Buildings constructed or renovated after 1993 shall be designed with clear and unobstructed corridors. Corridor storage shall not be permitted in these buildings. Limited storage of items in the corridors of existing buildings shall be allowed only as defined by this chapter.

Fire codes and building regulations establish requirements for safe and adequate means of egress from buildings during emergencies. A fundamental principle of these codes and regulations is to maintain exit paths (i.e., corridors) which are free of obstructions and hazards. The NIH policy is based on the judgment that certain uses for the corridor, in addition to the safe movement of people, can be accommodated without compromising the safe and adequate means of egress.

Although every attempt has been made to identify and explain the various requirements associated with the safe utilization of NIH building corridors, some unique situations may not appear to have been adequately addressed. The Division of the Fire Marshal will provide advice and direction in such situations as needed. For further information, contact the NIH, Division of the Fire Marshal, Office of Security and Emergency Response, Office of Research Services (DFM/SER/ORS) at (301) 496-0487.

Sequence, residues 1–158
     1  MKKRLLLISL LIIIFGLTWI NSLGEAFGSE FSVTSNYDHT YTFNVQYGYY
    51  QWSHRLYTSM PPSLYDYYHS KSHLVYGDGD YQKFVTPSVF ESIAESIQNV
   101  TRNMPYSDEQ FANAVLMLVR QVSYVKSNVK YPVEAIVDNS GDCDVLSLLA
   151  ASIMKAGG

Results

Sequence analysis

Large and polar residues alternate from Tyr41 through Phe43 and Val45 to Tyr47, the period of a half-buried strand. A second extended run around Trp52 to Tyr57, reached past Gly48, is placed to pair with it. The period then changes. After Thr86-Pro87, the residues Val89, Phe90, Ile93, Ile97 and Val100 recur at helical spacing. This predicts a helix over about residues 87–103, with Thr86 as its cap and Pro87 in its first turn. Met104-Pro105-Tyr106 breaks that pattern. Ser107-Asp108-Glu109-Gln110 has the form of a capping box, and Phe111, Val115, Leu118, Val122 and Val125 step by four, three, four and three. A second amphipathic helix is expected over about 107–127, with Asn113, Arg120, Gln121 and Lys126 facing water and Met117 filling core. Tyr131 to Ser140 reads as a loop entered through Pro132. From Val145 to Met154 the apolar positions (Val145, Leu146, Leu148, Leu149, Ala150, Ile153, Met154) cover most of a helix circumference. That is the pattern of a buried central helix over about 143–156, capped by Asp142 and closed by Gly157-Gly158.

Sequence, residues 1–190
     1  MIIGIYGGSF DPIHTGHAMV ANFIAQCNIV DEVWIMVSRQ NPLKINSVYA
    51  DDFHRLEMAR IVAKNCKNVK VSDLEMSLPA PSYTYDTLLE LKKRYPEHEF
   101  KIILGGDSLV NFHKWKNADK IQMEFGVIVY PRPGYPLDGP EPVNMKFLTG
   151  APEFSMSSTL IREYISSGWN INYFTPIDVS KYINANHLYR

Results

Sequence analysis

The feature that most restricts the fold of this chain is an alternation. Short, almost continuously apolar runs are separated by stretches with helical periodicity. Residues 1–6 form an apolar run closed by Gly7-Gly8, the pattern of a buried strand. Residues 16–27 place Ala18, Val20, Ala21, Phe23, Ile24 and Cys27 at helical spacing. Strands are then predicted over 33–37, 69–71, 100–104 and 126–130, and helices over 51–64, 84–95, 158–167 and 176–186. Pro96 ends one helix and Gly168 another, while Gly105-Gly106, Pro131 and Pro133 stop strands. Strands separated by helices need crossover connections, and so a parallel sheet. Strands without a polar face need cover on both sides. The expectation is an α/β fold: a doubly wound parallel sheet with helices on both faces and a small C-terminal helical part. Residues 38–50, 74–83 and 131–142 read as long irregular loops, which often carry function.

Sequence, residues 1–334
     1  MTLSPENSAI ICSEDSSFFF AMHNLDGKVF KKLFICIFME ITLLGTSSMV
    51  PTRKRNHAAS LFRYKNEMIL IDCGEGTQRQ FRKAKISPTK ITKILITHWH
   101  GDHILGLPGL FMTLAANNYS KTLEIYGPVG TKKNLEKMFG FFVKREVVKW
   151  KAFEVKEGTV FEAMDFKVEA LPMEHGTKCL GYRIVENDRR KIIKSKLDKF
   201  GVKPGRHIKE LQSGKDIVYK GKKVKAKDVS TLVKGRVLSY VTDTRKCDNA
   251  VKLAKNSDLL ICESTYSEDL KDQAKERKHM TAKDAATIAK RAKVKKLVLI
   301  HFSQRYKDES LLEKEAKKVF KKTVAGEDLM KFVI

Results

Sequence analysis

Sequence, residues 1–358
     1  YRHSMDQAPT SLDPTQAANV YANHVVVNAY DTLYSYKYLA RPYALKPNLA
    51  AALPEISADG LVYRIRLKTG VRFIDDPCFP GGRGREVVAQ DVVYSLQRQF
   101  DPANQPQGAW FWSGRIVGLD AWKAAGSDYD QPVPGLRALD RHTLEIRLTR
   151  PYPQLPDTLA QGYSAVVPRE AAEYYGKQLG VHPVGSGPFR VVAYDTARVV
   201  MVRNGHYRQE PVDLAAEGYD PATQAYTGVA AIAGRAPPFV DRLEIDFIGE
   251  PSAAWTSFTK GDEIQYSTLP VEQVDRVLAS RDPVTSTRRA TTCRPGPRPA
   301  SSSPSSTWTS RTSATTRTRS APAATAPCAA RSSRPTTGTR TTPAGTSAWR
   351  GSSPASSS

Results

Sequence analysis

It is the policy of the NIH that all corridors of buildings located on the Bethesda campus, the RML, the NIEHS and at the NIHAC provide for: (1) a readily apparent, safe and adequate means by which building occupants may exit a building in the event of a fire or other serious emergency; (2) adequate access and use by emergency personnel; (3) the safe movement of people during normal daily use of the building; and (4) the safe transportation of goods and materials. This policy details specific allowances, restrictions and requirements for corridor use.